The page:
Dec 16 / Simcha

How to Ask for What You Want

Working with couples, it strikes me over and over how instinctively partners move to the aggressive or passive/ avoidant end of the communication spectrum.

The former approach entails a readiness to attack, confront, criticize, or cast aspersion, and quickly escalates a conflictual exchange that could be so much more easily resolved. The latter promotes a sense of powerlessness in the relationship, self-pity and self-victimization, sulking, withdrawal, internalized and growing resentment, and does little to move a situation or dynamic in new directions.

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May 06 / Simcha

Co-parenting After Divorce

struggleWhen parents divorce or dissolve their relationship, they are well-served in raising healthy, well-adjusted children by communicating clearly, cooperatively and respectfully about parenting issues.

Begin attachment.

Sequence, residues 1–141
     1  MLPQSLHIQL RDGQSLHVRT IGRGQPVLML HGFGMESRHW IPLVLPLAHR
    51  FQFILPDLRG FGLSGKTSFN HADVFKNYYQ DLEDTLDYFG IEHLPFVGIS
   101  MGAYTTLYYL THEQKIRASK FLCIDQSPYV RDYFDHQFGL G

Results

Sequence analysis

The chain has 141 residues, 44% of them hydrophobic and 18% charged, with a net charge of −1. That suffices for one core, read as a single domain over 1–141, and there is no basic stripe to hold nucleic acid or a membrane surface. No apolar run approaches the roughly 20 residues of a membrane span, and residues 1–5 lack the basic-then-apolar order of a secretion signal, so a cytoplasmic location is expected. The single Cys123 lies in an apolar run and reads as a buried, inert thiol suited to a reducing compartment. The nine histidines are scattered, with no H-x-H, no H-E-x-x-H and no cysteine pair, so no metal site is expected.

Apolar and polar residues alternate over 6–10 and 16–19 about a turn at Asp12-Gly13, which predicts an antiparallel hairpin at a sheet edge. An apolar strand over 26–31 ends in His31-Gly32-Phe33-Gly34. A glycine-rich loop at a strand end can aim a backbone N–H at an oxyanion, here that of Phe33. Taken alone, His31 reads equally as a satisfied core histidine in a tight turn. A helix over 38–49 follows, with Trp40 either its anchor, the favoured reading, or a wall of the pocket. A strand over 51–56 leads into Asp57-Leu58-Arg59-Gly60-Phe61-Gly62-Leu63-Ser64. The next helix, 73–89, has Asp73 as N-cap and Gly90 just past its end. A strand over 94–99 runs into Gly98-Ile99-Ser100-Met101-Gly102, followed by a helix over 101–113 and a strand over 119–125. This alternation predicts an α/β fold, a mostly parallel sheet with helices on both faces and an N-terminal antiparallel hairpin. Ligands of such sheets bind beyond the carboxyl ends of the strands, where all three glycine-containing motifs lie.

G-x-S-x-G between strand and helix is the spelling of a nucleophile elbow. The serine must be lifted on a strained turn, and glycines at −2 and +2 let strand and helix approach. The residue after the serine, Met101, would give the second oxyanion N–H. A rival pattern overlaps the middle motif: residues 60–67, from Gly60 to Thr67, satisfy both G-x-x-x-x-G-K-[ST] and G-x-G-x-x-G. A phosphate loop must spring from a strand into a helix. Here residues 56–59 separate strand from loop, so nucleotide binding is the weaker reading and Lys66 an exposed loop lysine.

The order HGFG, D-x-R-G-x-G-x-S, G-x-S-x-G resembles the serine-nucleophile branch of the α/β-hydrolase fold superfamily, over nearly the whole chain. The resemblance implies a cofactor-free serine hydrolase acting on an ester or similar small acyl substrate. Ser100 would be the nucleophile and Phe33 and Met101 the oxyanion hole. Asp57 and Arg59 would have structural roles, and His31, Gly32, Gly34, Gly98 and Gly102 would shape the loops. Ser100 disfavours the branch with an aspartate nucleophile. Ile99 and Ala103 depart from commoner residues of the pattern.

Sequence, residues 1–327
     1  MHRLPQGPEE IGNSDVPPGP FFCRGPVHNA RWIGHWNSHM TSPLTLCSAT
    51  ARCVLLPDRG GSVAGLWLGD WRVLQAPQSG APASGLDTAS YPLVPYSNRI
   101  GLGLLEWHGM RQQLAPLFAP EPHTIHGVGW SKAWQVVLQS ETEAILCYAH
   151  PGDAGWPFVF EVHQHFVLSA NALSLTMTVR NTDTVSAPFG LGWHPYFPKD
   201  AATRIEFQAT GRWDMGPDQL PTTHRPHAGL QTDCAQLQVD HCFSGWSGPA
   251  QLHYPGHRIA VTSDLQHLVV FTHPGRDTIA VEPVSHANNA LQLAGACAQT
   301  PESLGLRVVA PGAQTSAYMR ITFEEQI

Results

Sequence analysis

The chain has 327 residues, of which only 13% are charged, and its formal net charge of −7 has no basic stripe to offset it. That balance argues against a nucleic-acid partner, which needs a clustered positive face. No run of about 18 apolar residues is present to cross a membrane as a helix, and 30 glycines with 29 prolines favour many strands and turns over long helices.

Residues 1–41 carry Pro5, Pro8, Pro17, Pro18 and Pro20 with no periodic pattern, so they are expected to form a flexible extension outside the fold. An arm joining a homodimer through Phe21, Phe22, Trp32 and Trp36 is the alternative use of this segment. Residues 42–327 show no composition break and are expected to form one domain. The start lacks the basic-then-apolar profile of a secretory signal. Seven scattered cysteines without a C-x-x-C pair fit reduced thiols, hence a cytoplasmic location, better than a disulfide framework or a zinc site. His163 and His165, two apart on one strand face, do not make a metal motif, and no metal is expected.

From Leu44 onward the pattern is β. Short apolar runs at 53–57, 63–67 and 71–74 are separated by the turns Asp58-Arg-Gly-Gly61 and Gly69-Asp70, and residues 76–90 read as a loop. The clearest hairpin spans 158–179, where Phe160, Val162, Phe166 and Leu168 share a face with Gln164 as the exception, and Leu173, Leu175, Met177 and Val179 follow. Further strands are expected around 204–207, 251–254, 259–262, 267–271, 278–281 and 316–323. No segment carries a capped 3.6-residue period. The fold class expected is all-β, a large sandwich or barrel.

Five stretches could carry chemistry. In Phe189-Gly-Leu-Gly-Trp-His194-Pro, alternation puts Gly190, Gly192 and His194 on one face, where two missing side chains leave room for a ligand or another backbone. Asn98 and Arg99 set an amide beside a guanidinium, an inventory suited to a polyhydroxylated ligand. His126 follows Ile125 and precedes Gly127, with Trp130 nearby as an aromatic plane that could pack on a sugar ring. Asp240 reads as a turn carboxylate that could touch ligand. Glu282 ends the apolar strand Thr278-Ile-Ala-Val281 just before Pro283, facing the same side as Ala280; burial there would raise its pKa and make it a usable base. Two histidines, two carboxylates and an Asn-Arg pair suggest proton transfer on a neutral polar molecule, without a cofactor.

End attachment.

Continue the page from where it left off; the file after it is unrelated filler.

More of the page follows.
While these tips are intended primarily for divorced parents, they are most certainly helpful for all parents – as very few parents share the exact same style or approach.

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Nov 22 / Simcha

Raising Kind Children (A. Joyce)

giveawaysIn a Washington Post piece (7.18.14)  entitled “Are You Raising Nice Kids?, Amy Joyce helps us focus on raising kind, caring children, rather than over-emphasizing achievement.  She shares recommendations from Richard Weissbourd, a Harvard psychologist with the Graduate School of Education, and the Making Caring Common Project about how to raise children to become caring, respectful and responsible adults.

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